I say this because the Multipla is a perfect example of a car designed with its interior volume and packaging as the primary focus. You wouldn’t have a Multipla in your design studio if this wasn’t important. The Multipla was a packaging triumph, all the more so when you remember that Fiat used the entire rear clip of the 600, limiting the height and width of the car.
With the engine tucked way out back, the focus moves to the middle of the car, which is pretty much an open box that can have a seat or not, depending on the needed use. You can think of a Multipla as a cockpit for two, with a large open hold behind it, and then a bench seat. That middle area can be used for people, cargo, or some mix of both. It’s a remarkably flexible and efficient design, large inside, small outside.
The Apple car, with its very likely focus on autonomy, will have an interior that’s not the driver-focused two-rows of seats we’re used to. I think we’ll see a much more open and flexible interior space, an almost mobile-room motif.
For this reason, if Apple were to purchase another inspiration car, I wouldn’t be surprised to see a Stout Scarab.
• They might not even call it a car
A Multipla is so beyond what most people expect from a car that it suggests that Apple may be trying to position themselves away from the pack of car makers by making a car into a ‘transportation system’ or something. This would be much like what they did when they introduced the iPod, an MP3 player that almost nobody ever called an MP3 player.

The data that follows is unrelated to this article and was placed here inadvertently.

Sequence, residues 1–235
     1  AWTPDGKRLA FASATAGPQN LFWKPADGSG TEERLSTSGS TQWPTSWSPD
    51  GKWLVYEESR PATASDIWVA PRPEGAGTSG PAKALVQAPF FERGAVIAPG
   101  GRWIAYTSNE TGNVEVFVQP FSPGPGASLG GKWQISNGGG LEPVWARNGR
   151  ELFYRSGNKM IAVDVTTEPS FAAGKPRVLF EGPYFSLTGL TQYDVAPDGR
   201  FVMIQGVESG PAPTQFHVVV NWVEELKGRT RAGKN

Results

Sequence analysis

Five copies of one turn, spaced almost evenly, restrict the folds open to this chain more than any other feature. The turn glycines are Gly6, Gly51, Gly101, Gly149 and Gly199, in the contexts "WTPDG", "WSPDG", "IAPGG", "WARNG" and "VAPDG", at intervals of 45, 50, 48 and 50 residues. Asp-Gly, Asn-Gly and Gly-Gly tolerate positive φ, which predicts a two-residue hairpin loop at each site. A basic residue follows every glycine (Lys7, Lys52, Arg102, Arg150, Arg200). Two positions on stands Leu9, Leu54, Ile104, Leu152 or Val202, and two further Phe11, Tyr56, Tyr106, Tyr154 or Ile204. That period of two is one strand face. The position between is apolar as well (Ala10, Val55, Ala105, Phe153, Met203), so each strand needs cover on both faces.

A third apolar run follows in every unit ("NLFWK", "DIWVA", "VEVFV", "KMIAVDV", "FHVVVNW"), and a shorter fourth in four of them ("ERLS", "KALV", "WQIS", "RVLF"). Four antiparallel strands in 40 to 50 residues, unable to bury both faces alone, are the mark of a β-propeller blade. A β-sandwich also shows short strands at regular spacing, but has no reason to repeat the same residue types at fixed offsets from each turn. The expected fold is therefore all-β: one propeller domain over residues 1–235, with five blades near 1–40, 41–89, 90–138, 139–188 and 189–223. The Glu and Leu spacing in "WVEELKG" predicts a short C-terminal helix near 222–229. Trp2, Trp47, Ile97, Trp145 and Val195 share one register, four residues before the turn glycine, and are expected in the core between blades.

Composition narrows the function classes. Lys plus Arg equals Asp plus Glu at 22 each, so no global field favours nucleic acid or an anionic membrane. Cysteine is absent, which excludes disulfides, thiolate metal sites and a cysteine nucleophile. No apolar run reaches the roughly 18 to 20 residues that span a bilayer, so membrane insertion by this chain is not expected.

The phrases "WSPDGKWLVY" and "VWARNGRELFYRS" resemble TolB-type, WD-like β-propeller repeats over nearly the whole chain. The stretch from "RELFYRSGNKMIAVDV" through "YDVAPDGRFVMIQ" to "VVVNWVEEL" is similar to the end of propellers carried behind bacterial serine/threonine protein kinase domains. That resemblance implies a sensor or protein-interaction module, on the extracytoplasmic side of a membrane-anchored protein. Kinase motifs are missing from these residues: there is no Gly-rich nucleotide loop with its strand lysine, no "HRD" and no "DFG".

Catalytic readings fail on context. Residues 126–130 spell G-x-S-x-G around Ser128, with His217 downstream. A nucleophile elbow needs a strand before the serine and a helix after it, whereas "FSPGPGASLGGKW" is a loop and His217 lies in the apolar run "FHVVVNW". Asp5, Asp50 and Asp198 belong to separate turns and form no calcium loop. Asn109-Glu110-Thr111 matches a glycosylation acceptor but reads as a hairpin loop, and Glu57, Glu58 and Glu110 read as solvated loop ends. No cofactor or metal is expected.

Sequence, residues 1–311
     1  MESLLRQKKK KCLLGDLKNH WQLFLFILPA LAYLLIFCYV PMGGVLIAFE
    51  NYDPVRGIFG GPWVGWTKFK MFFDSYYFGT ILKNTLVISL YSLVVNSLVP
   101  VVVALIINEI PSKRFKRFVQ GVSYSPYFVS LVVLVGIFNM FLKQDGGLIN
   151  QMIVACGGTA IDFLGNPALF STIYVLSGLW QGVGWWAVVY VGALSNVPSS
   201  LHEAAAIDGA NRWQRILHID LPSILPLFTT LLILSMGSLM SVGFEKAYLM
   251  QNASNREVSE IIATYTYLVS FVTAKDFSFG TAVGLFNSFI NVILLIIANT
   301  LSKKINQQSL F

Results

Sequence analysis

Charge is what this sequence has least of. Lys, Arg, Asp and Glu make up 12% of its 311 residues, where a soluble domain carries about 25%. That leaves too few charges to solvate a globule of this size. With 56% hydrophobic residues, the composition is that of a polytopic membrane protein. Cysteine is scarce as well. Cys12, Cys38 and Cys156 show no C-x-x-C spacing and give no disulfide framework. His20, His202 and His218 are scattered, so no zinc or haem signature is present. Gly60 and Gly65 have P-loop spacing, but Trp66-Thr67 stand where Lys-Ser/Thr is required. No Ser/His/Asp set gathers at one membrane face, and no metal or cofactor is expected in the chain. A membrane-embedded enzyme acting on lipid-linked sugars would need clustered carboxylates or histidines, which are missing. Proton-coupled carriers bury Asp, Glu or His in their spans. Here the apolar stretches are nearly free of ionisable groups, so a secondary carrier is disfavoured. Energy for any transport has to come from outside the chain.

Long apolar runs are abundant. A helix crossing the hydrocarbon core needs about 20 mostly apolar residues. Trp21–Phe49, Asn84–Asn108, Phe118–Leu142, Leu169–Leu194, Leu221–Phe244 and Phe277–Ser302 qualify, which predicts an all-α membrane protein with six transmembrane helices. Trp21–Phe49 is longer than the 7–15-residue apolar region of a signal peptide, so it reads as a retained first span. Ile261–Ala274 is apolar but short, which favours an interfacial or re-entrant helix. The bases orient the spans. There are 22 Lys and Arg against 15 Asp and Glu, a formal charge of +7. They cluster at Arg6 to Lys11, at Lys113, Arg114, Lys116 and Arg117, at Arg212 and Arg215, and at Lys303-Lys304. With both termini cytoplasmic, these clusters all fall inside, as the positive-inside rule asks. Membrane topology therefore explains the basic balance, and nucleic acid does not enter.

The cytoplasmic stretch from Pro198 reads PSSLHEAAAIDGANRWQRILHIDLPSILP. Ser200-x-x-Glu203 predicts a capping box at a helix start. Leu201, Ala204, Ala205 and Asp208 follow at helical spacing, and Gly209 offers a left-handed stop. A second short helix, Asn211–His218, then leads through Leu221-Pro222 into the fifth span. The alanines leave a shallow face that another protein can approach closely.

I think the Multipla says they want to separate themselves from established auto design, and I think part of that might be a total rebranding of what their product actually is, to get people thinking in terms of cars or a new category of Apple transportation machines.
Again, we have no idea what Apple is up to—a design concept, a mass-transport bus, a private car, or something else entirely.
• It’s going to be targeted at people who likely don’t care that much about cars
As much as I adore the Multipla, I know it’s not a usual top pick for gearheads—at least mainstream gearheads. And I think Apple has no interest in targeting traditional car lovers for their car. The Apple car will be a carefully-designed, appealing tool and object for people who barely care about what car they drive.
I think Apple will leave the techno-electro-gearhead market for Tesla, with its Ludicrous Speed options and more traditionally attractive car look, and go after the vast population of people who just think of their car as an appliance.
• This car will be a risk
Look, you don’t buy a Multipla if you just want some lovely bit of automobilia to inspire your designers; a Multipla is a non-conventional risky car that, frankly, a lot of people just won’t get. If this is really what Apple is making their designers hover around, then I think it’s a safe bet to say Apple won’t be playing it safe, and there’s a decent chance it could flop.
But maybe it won’t.
As much as I’d be happy with a technologically-modernized Multipla, I don’t think Apple’s eventual design will really resemble one much at all. But conceptually, I think this weird little Italian may be the core around which Apple builds their iMove or whatever the hell they end up calling it.
I guess we’ll just have to see.